The above article highlights the basics of the right way to create a new product (make that product be something for which there’s an actual market need, something that people will want to use), then proceeds to cover Marketing 101 steps for civic hacks. It seems to me that the US / global civic hacking community would benefit from a collaborative effort to determine and share market needs, to shine a spotlight on best-of-breed civic hacks, and to do everything possible to create ten to twenty civic hack ‘killer apps’ that every city will want to use. For open source projects designed to make our communities better, there is no reason to compete or to hoard information that might help the other person, or the other hack, or the other city, do better than we will in our city. That’s not the situation in for-profit capitalist businesses, where competition generally means much less collaboration. Civic hacking has much less need for competition and many more reasons to work together.

Rob Moffat’s definition of growth hacking in “Defining growth hacking” has a lot to do with finding effective ways to be different from the crowd. By definition, that means you need to think differently because successful growth hacks will be copied by many people and, therefore, have a short shelf life. His definition for the term is “finding innovative mechanisms that acquire new users at a cost that is low enough to be irrelevant.” His view of civic hacking seems to be that a large part of what is called growth hacking is merely mainstream marketing which is using the buzzword to attract clients by promoting themselves and their companies as growth hackers.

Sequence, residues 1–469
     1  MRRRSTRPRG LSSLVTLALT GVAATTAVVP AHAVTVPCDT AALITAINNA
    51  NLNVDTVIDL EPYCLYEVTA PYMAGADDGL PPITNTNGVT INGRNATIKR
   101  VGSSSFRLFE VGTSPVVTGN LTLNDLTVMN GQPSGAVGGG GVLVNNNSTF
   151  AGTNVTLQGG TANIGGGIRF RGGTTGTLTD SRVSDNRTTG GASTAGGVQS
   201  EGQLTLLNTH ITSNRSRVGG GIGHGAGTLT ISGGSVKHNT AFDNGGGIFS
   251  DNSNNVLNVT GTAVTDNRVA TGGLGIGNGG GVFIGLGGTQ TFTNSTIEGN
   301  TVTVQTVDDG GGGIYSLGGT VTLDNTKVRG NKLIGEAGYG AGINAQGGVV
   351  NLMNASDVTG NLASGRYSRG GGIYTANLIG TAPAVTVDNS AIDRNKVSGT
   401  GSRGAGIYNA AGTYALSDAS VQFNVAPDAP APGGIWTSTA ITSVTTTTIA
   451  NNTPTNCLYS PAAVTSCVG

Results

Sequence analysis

Moffat gives these examples of what he considers true growth hacking:

  • Dropbox’s offer of free storage for inviting friends (cost for Dropbox near-zero, high value to users, very successful).
  • Using public web data (Craigslist, Gumtree) to identify your perfect target clients and approach them automatically in an intelligent way (e.g. we have automatically created a listing for you, click here to accept).
  • Sending a tweet out when you have fresh baked goods.
  • Automatically alerting users when an item they have looked at is nearly out of stock. ( are masters of this).
  • Mailbox’s waiting list.
  • CSR Racing ‘tweet a photo of your ride.’

My main takeaways from these articles are (1) there should be more collaboration nationwide and worldwide on creating a set of effective and widely used top-tier civic hacks, and (2) growth hacking will be most successful for a civic hack when there is high value and strong market demand for that hack, and the growth hacks will be unique to that product, or at least a new twist which connects a huge number of users at a very low cost.

Today’s first article pointed out that civic hacking doesn’t generally have much of a marketing budget. The second article says ‘that’s ok, because true growth hacking acquires many users for almost no cost.'